Category: Business

2023 Week 44

Notes, thoughts and observations - Compiled weekly

This week we saw continued concern about the resiliency of consumer spend and the impact of growing debt on households. Credit card debt hit a record $1.08T and the largest increase since the NY Fed began tracking in 1999. Likewise household ability to cover a $400 emergency expense continues to decline.

Labor and recession talk still circulates but opinions are mixed on the implications. On the one hand “quits” are down to pre-COVID levels but we’re seeing a weird trend line in jobs due to shifting demographics. October numbers would have been 262,000 if the birth/death wasn’t negative. Likewise, where some see strength in the economy others are reporting slowdowns that will cause a future recession.

I guess it depends on whether you think we are in a recession, just came out of a recession, or are headed for the next recession. We are seeing layoffs and manufacturing is on the cusp of contraction. It may not be clear the casual observer as companies like Citigroup are disguising layoffs as special projects and others like BoFA have instituted hiring freezes to control labor costs.

Not all gloom and doom as several companies have announced that they will build their own proprietary large language models. Amazon announced Olympus and Titan despite also partnering with Anthropic. It’s clear that major companies are placing LOTS of bets with AI to leapfrog competition.

The percentage of loans in serious delinquency, 90+ days, is virtually flat across all categories save credit cards

The percentage of loans in serious delinquency, 90+ days, is virtually flat across all categories save credit cards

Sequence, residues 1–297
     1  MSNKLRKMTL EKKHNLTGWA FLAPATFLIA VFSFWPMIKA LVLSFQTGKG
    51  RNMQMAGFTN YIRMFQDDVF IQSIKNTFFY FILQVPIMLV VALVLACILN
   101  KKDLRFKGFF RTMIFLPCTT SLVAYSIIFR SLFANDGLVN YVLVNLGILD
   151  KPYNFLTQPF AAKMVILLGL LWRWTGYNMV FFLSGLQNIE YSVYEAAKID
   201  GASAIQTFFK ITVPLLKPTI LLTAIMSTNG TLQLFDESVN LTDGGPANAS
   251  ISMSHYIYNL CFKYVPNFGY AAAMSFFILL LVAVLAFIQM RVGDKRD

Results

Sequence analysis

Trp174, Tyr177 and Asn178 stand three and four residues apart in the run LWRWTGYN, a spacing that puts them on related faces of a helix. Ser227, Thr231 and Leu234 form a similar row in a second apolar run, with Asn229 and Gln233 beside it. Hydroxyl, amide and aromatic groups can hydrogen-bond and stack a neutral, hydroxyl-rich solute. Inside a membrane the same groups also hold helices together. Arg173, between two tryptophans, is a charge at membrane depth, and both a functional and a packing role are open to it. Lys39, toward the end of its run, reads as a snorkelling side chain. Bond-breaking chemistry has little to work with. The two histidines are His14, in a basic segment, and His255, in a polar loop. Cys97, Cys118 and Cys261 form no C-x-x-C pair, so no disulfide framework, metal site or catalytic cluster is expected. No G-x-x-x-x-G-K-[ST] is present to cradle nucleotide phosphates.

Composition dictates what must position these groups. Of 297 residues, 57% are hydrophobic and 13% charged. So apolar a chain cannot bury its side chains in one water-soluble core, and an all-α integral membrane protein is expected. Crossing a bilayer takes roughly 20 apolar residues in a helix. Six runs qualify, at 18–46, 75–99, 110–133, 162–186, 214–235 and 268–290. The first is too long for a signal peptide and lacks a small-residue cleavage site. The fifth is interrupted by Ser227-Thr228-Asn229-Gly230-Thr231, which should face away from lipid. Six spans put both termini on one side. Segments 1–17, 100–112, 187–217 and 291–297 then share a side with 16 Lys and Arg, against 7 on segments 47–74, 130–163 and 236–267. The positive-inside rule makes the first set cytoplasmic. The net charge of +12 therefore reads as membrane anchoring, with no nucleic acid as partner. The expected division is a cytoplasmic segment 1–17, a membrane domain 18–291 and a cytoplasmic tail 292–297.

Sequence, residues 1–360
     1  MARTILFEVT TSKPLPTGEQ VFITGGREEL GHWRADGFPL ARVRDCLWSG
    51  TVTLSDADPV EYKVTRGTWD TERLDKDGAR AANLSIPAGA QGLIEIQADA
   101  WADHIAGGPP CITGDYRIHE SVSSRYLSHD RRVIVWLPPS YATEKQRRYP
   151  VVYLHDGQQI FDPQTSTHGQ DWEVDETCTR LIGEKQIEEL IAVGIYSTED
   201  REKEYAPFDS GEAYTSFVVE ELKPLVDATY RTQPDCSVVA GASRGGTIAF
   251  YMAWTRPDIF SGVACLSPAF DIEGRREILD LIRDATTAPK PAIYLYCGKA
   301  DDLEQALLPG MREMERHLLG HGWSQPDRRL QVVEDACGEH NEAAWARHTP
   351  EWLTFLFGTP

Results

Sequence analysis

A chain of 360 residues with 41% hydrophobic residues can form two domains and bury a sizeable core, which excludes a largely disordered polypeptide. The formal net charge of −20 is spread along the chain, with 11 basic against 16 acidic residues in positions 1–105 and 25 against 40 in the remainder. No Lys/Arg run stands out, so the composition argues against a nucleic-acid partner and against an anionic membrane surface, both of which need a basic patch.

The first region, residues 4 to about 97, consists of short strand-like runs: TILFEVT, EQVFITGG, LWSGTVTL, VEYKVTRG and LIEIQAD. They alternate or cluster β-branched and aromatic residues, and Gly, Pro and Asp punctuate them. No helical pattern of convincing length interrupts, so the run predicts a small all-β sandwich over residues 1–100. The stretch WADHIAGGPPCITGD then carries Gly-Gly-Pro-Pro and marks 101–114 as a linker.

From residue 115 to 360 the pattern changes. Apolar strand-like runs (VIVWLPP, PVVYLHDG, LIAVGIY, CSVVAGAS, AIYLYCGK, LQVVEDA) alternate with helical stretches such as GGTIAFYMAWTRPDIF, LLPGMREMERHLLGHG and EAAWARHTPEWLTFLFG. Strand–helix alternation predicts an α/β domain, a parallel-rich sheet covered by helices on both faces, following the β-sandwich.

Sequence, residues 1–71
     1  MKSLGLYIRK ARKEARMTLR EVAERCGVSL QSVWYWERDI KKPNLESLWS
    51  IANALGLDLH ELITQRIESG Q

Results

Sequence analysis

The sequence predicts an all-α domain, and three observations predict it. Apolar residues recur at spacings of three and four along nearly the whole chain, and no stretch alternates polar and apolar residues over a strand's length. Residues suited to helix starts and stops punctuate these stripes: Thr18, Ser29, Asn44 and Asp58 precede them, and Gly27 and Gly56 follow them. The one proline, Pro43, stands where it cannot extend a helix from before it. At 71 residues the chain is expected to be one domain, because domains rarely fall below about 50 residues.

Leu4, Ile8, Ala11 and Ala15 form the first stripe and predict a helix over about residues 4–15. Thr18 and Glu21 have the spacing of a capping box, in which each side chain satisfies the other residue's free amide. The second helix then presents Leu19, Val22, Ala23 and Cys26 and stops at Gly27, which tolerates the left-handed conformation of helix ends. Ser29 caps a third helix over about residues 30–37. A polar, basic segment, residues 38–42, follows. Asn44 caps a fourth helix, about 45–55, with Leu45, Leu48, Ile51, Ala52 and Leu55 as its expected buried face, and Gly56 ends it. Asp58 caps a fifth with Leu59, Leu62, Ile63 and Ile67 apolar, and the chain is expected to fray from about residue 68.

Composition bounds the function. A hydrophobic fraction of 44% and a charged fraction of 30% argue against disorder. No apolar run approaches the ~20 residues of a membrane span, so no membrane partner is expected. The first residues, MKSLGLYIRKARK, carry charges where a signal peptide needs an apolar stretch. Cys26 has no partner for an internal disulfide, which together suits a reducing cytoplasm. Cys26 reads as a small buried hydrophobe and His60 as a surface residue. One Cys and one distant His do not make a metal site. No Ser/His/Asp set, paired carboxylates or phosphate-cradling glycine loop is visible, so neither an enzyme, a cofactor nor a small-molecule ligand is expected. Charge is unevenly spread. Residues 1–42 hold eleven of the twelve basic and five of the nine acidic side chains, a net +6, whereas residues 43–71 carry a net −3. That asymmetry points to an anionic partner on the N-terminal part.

Labor Market

OBSERVATION - Quits is down, but trend was rising pre-COVID and will likely resume as demographics impact labor pool

  • (Mauldin Econ)
    • The “Great Resignation,” may have run its course.
    • The Labor Department quits chart shows workers quitting their jobs each month is now back down to the pre-COVID level
    • In the prior decade: The quits rate rose steadily from 2010 until early 2020 as Baby Boomers began turning 65, leaving a void as not enough younger workers were available

OPINION - Jobs numbers are bad but obscured by demographic shifts

  • (Mauldin Econ)
    • October headline jobs growth of 150,000 would have been a 262,000 loss if the business birth/death model hadn’t added 412,000 jobs.
    • Moderating wage growth and hours worked are also troubling. Year-over-year weekly earnings growth dropped to 3.2%.
    • The 3.9% unemployment rate is now 0.5 percentage points above the 3.4% low last April.
    • Bottom Line: The working age population is shrinking relative to retirees and children and we don’t fully understand how this will affect the business cycle.

Consumer Debt

OBSERVATION - Upper limit for consumer debt, but at what level?

  • (Daily Sandbox)
    • The percentage of loans in serious delinquency, 90+ days, is virtually flat across all categories save credit cards
      • Remain well below the pre-pandemic highs and miles away from the levels seen during the Global Financial Crisis.